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About the HTML+CSS+XBL web document decomposition

From: Pierre Chanial <chanial@noos.fr>
Date: Tue, 07 Jan 2003 19:41:22 +0100
Message-ID: <3E1B1F52.9030500@noos.fr>
To: www-style@w3.org

This is an attempt to understand both parties motivations in the xbl's 
thread, more precisely:
- why those who have tried xbl find it really useful?
- why xbl appears to be redundant with other w3c technologies?

As a preambule, I apology for jumping in and beginning this thread da 
capo but the main thread is extremely difficult to follow. In addition, 
I must warn I am really novice (or ignorant) in the involved fields 
(html, css, javascript, xbl, xslt, soap). Therefore I ask for indulgency 
misunderstandings and the lack of rigor and if you find the following 
trivial. But I'll do my best to make my point clear, precise and brief.

What is a web document?
A set of informative elements (a) originating from a server (b) targeted 
to a destinator (c). Each one:
- offers at a given time a specific presentation (d) to the destinator.
- handles interactions at a given time between (a), (b), (c) and (d).

I will then assume that a 'web document' is at a given time a point in a 
space with three orthogonal dimensions:
(1) element trees
(2) static presentations (how the destinator see, ear, smell the elements)
(3) dynamic interaction definitions (external:what should happen if the 
mouse is over or is clicked on an element and internal: how animations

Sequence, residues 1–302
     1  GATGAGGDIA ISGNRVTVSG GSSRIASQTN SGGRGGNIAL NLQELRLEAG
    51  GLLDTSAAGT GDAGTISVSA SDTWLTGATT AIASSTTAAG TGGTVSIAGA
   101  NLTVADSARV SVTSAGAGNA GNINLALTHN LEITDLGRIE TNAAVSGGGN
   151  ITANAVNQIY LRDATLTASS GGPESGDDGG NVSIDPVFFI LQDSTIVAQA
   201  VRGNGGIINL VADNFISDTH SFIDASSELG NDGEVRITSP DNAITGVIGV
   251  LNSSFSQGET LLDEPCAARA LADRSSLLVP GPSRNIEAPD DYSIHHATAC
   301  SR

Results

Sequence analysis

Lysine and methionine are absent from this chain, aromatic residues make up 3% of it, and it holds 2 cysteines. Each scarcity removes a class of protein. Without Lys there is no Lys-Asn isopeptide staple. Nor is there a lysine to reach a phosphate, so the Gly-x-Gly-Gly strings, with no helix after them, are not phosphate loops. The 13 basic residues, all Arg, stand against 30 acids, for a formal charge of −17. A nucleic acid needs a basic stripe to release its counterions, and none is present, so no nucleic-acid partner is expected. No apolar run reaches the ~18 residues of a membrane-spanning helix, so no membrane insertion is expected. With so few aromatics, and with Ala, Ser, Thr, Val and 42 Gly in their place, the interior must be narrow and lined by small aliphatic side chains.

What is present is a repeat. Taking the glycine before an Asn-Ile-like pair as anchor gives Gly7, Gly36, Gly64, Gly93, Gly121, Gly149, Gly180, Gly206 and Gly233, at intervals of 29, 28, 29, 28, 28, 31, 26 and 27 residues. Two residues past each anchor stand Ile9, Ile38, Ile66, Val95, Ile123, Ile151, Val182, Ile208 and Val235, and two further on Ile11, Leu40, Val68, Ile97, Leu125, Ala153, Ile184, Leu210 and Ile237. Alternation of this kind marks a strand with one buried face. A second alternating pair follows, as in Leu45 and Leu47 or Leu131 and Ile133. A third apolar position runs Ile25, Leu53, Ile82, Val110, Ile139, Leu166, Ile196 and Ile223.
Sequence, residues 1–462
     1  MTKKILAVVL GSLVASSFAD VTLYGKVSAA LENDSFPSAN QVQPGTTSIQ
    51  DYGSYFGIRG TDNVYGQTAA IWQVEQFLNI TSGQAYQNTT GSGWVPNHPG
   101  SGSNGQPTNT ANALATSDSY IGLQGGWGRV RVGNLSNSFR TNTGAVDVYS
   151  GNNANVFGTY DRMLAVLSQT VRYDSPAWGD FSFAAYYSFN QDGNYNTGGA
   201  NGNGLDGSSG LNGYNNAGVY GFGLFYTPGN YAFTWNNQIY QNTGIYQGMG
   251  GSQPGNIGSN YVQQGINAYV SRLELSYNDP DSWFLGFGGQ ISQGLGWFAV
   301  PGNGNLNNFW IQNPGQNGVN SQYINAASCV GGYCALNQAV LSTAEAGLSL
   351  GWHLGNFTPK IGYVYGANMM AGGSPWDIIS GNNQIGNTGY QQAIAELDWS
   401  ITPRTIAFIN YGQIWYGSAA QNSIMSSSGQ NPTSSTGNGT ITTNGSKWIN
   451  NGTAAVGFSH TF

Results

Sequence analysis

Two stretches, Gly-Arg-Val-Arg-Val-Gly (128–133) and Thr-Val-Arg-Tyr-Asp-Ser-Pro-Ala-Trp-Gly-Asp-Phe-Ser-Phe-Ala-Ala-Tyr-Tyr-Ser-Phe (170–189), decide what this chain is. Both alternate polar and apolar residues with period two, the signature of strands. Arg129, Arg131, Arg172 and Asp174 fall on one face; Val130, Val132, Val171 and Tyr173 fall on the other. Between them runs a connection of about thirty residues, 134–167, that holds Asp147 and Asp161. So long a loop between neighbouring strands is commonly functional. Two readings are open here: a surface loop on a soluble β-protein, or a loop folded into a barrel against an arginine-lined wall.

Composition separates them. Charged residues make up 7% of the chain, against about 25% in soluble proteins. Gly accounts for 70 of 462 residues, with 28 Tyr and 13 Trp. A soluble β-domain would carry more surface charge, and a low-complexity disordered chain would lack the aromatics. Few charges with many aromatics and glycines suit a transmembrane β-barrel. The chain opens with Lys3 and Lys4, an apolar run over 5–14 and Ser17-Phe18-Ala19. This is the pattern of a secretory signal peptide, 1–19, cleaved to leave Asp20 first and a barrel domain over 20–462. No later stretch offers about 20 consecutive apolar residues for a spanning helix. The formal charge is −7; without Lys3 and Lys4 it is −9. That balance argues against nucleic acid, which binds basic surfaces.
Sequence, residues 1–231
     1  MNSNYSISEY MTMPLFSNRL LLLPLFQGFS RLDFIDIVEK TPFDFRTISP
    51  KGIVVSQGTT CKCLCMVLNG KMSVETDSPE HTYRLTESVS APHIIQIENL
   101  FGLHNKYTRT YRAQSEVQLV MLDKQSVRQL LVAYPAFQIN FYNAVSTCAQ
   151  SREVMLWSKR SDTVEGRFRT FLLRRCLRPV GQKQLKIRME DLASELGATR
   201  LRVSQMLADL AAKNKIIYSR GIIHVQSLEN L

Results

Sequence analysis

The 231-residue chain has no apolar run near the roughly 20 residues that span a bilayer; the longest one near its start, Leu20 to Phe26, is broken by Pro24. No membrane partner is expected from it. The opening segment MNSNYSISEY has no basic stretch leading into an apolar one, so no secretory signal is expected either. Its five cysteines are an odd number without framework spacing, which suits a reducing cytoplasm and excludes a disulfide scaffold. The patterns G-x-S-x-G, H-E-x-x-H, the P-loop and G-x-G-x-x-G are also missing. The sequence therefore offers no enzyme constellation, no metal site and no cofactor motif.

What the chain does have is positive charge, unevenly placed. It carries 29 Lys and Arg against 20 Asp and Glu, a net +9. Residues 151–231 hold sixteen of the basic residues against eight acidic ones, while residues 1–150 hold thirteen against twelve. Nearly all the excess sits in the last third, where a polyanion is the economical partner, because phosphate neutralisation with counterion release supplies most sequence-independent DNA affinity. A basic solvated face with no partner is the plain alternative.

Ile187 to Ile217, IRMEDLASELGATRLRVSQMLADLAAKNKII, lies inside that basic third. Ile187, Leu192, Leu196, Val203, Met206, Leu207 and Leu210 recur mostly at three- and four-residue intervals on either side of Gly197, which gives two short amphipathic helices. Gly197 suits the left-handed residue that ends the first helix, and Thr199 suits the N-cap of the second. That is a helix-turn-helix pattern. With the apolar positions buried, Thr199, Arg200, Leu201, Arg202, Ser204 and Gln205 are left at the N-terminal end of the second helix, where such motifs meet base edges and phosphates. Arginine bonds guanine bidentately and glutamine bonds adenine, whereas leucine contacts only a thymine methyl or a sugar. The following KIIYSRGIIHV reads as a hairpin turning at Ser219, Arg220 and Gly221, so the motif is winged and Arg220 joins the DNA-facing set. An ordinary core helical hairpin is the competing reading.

proceeds)

The key point is that what the destinator only perceives is the web 
document projection on the subspace 1(+)2. Shelby is right saying that 
usually, interactions just move a point in the 1(+)2 subspace into 
another one in the same subspace and that could be handled by xslt. But 
he fails to describe the underlying (3) axis.

DOM and CSS made a clear distinction between (1) and (2). However (3) is 
still mixed in both CSS and HTML. I claim that every dynamic mechanism 
(script, event handling) can be extracted from the web document and 
injected elsewhere separately (top level scripts such as background 
animations could be bound to the body element). Note that such a proper 
separation does not imply to restrict current CSS power. :hover, :active 
etc in CSS are just presentation of implicit interaction bindings. 
However, CSS may be revisited with the 1(+)2(+)3 decomposition in mind.

So, imo, the question is: Is the HTML+CSS+XBL decomposition a good and 
practical description of the 1(+)2(+)3 space?

I am not the best person to answer this, but here are my thoughts.
XBL, though not orthogonal to 1(+)2 can be considered as an attempt to 
make a clear distinction between 1(+)2 and (3) and provides such a way 
to separate the scripts and event handling from the markups. As CSS 
binds presentation to markups, XBL binds scripts and event handling to them.
CSS2 and HTML4.01 are currently not orthogonal (since one can inline 
styles) and XHTML2, if I understand correctly, is an attempt to do so. 
As Daniel pointed for (1) and (2), it is not compulsory to have all 
formats completely orthogonal it may only make things more difficult, 
without adding any benefit. The same goes with the (3) axis. XBL can 
describe pure (3) elements but XBL also offers sub element construction 
and presentation (Ian's example: select a land could be a dropdown or a 
world map). XBL should not be blamed for that, because it is extremely 
convenient and avoids duplications.

However, even if I think that current HTML+CSS+XBL decomposition is 
really good and practical, I have not investigated if it's the best one 
but I guess that their scopes especially for CSS can be refined (towards 
orthogonalization).

I hope this contribution will be useful for the discussion, and I have 
not written too big errors.
Received on Tuesday, 7 January 2003 13:46:00 GMT

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